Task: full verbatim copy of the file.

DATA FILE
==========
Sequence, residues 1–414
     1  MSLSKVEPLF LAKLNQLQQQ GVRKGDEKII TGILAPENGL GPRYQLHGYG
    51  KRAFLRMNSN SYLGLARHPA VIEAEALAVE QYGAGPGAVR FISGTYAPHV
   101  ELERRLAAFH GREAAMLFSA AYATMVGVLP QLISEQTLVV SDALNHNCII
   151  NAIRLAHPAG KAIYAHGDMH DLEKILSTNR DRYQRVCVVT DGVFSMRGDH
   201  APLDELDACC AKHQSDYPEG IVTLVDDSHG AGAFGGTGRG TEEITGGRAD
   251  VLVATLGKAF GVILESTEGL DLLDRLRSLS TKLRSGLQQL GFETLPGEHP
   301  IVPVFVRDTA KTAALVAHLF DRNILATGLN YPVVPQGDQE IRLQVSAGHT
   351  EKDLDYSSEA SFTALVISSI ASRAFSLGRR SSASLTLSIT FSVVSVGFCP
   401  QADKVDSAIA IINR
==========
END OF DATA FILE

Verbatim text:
Sequence, residues 1–414
     1  MSLSKVEPLF LAKLNQLQQQ GVRKGDEKII TGILAPENGL GPRYQLHGYG
    51  KRAFLRMNSN SYLGLARHPA VIEAEALAVE QYGAGPGAVR FISGTYAPHV
   101  ELERRLAAFH GREAAMLFSA AYATMVGVLP QLISEQTLVV SDALNHNCII
   151  NAIRLAHPAG KAIYAHGDMH DLEKILSTNR DRYQRVCVVT DGVFSMRGDH
   201  APLDELDACC AKHQSDYPEG IVTLVDDSHG AGAFGGTGRG TEEITGGRAD
   251  VLVATLGKAF GVILESTEGL DLLDRLRSLS TKLRSGLQQL GFETLPGEHP
   301  IVPVFVRDTA KTAALVAHLF DRNILATGLN YPVVPQGDQE IRLQVSAGHT
   351  EKDLDYSSEA SFTALVISSI ASRAFSLGRR SSASLTLSIT FSVVSVGFCP
   401  QADKVDSAIA IINR